Break out the lifeboats and prepare for a river of crocodile tears in the next few months as we gear up for a federal election.
It has become something of a ritual. Every three years, housing suddenly becomes a red-hot political issue.
We will, no doubt, hear promises from both sides — to help first home buyers via grants, handouts, and other subsidies.
The problem is, generally, that tends to make affordability worse. Throwing money at first home buyers only adds to prices and, instead, becomes a grant to those selling their property.
If we’ve learned anything from the past week, the Australian housing market is on a one-way trajectory into outer space and no one — neither the Reserve Bank through monetary policy, nor the government through tax reform — is in any mood to alter its course.
The June quarter saw the biggest three-monthly rise in national capital city housing values since the Australian Bureau of Statistics first began collating the data almost 20 years ago, with growth averaging 6.7 per cent.
With official interest rates likely to remain close to zero for the next three years, the sheer weight of money and easy lending are likely to continue, further fuelling the frenzied demand for real estate.
And once again, investors are re-entering the market, squeezing out new entrants.
Relations between our two main arms of economic management — the Reserve Bank of Australia and the federal government — appear a little frosty right now. And neither appears willing to take responsibility for the incredible spike in real estate, or to take any action on keeping it in check.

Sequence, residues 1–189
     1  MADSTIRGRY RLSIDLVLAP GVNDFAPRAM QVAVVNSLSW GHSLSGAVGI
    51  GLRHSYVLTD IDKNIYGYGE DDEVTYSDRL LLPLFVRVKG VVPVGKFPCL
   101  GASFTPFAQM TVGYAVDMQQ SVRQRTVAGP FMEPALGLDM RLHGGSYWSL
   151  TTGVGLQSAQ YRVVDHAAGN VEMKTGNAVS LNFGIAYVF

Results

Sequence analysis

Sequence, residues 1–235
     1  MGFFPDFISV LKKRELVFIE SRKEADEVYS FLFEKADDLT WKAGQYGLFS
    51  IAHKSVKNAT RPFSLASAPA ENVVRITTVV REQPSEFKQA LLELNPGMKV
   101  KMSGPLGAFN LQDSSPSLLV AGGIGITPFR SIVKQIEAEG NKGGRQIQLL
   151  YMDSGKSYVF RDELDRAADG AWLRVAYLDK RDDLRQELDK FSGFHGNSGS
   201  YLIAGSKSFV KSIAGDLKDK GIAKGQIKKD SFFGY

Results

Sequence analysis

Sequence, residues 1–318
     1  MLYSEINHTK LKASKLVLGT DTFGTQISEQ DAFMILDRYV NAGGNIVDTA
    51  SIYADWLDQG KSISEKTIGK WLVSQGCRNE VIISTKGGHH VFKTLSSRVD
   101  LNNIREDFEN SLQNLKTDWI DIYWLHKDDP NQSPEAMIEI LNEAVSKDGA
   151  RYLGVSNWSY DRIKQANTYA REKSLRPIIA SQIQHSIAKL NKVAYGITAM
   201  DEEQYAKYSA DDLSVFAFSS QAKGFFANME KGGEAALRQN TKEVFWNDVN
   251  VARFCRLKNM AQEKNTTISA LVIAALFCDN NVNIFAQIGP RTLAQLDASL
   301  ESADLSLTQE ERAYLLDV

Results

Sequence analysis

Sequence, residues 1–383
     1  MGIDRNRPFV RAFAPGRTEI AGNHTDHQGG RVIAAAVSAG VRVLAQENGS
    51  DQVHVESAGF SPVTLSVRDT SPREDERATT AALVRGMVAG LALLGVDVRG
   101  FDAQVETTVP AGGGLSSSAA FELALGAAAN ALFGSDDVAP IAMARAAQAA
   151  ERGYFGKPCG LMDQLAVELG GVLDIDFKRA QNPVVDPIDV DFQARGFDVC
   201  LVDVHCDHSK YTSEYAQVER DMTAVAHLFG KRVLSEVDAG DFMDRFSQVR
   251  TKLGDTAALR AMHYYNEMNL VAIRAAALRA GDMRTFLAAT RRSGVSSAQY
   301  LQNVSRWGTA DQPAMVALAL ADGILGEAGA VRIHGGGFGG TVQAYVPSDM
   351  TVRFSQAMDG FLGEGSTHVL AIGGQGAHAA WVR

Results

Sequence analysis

Last week, Treasurer Josh Frydenberg agreed it might be a good idea to conduct a review of the Reserve Bank, given it had consistently failed to meet its key inflation and wages targets for the past five years, although he admitted it had performed “very well through this crisis”.
The idea of a review was floated in a report from the Organisation for Economic Co-operation and Development — now overseen by former finance minister Mathias Cormann — on the Australian economy and follows widespread criticism the RBA had kept rates too high in the lead-up to the pandemic.
Later that day, RBA governor Philip Lowe, in a speech on how the economy was faring through the latest wave of COVID infections, batted away suggestions interest rates should be hiked to cool the red hot housing market.
Higher interest rates, he said, would certainly help tame housing prices. But it would come at the cost of “fewer jobs and lower wages growth”.
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